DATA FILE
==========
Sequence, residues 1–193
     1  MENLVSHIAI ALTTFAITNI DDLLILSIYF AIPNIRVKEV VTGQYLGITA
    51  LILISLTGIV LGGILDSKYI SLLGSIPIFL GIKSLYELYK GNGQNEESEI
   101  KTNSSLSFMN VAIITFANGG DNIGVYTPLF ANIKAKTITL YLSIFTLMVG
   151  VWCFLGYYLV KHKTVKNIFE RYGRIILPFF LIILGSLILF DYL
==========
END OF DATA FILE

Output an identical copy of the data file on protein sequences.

Sequence, residues 1–193
     1  MENLVSHIAI ALTTFAITNI DDLLILSIYF AIPNIRVKEV VTGQYLGITA
    51  LILISLTGIV LGGILDSKYI SLLGSIPIFL GIKSLYELYK GNGQNEESEI
   101  KTNSSLSFMN VAIITFANGG DNIGVYTPLF ANIKAKTITL YLSIFTLMVG
   151  VWCFLGYYLV KHKTVKNIFE RYGRIILPFF LIILGSLILF DYL